Though India and Indiana are roughly the same word, their cuisine offerings are worlds apart. Find out the difference two letters make with today's Groupon: for $10, you get $20 worth of Indian cuisine and drinks at Taste of India.
Taste of India fills appetites with delicious delicacies served in the traditional Indian style. Patrons can peruse the menu, bursting with tandoori, vegetarian, and vegan options. Coronate a meal with friends or kick off a surprise birthday party for your pet tongue with an appetizer of meat samosas, deep-fried palate-pleasing dough pockets stuffed with minced lamb and green peas ($4.95). Lovers of meaty meals can quell cravings with chicken makhni, a flavorful feast of fun-size barbecue chicken amalgamated with creamy tomato sauce and onions ($12.95). And vegetarians can halt hunger with baigan bhartha, mashed oven-roasted eggplant cooked in onions, tomatoes, and a subcontinental variety of savory spices ($10.95). Complement any dish with a traditionally delicious order of garlic-cilantro naan, a bread that doubles as an edible eating utensil and triples as a warm pillow for postprandial naps ($3.75).
Diners at Taste of India relish meals amid candle-lit surroundings and imbibe savory selections from the bar, which is ensconced in saffron-flavored walls, towers of cobalt-blue glassware, and moats of delicious rice pudding. Reservations are required.
TripAdvisors and twenty-one Yelpers give Taste of India an average of three stars, and four Citysearchers give it a 3.5-star average. While reviews are mixed for its décor, reviewers laud the service.
- Food tastes exquisite yet home cooking-like. – kumyster, Citysearch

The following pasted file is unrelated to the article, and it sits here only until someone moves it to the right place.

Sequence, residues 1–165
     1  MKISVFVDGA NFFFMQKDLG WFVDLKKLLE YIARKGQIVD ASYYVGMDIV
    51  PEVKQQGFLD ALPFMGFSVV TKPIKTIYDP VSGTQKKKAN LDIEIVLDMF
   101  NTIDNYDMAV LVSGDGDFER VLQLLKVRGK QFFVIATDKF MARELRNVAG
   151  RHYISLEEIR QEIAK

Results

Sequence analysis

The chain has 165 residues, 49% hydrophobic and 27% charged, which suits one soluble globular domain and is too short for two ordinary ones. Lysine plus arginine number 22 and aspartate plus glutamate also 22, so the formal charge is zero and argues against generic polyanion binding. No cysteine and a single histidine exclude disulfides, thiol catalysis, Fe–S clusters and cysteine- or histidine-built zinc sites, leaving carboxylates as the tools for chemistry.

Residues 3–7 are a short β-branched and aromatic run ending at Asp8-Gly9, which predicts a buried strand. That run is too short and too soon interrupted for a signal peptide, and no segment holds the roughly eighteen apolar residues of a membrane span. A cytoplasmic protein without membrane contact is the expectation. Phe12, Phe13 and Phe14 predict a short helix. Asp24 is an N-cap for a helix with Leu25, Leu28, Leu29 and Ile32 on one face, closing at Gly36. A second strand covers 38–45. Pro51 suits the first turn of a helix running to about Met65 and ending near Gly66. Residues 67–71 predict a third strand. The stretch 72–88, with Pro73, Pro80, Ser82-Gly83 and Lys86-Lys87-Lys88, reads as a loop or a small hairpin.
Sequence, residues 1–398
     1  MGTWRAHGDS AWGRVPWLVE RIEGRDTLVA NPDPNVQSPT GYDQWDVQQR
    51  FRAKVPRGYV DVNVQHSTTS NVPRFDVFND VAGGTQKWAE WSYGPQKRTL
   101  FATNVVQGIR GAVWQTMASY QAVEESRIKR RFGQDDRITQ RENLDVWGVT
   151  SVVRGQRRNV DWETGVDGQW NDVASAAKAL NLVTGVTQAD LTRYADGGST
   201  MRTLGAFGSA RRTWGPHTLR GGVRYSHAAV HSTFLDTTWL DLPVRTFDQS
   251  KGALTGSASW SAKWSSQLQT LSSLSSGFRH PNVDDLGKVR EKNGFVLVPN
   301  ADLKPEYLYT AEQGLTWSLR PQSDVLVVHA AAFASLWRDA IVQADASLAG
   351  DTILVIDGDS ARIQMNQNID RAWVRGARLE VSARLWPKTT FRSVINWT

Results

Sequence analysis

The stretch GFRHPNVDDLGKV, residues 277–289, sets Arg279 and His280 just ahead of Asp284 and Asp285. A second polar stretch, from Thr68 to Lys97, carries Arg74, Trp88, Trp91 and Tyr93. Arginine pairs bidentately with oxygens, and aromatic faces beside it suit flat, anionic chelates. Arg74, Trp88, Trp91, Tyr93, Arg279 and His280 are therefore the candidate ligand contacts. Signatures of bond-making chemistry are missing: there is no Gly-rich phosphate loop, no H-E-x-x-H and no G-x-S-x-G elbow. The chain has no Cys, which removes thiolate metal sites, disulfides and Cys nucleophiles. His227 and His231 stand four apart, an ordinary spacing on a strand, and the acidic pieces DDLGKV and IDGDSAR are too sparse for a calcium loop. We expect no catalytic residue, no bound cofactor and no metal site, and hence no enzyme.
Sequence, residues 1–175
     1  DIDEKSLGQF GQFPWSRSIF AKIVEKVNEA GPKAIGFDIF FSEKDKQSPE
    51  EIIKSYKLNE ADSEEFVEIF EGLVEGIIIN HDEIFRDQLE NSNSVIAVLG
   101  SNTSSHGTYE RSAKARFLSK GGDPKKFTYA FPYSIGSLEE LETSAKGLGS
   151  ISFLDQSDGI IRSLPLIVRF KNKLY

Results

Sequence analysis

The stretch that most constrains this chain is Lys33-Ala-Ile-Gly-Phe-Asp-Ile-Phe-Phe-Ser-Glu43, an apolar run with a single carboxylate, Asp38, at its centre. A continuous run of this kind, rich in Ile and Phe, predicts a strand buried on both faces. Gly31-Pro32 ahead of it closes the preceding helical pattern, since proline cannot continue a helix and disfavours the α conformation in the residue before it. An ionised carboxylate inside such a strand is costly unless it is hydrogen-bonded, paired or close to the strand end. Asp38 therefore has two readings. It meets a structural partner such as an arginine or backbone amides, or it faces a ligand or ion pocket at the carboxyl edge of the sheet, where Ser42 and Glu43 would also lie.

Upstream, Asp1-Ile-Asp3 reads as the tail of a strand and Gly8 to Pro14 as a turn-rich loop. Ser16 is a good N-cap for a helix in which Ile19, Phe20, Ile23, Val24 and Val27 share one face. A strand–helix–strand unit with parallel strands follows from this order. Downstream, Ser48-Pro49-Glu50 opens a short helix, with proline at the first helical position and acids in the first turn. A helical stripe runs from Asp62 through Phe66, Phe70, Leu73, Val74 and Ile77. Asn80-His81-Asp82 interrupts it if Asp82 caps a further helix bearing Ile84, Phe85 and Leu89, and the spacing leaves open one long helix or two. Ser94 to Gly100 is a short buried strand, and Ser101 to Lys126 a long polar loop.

- When I called they were closing, but were so friendly that they stayed open for me. I was the last customer for them, and the food was just as good as I imagine it is at any other time of day. They greeted me with a smile and wished me well on my travels. – alexisrh, TripAdvisor
Taste of India
One of the many goals of the chefs at Taste of India is to clear up the misconception that all Indian food is extremely spicy. They do so by keeping customer preferences in mind while customizing offerings from a menu that includes vegetarian, vegan, and gluten-free options.
As evening settles in and dinner guests begin to arrive, peach- and grapefruit-hued walls take on a riper shade beneath sprays of painted leaves. Miniature tabletop lanterns cast buttery light on plates of lamb and fish kebab, rice biryanis, and tandoori chicken cooked in the heat of an open-hearth oven. While sopping up a goan shrimp curry with warm naan bread, guests can sip on beer, wine, or a cocktail from the bar. The clatter of serving utensils drifts from the lunch buffet, where patrons eat all they desire without having to help James Bond destroy his old yearbooks.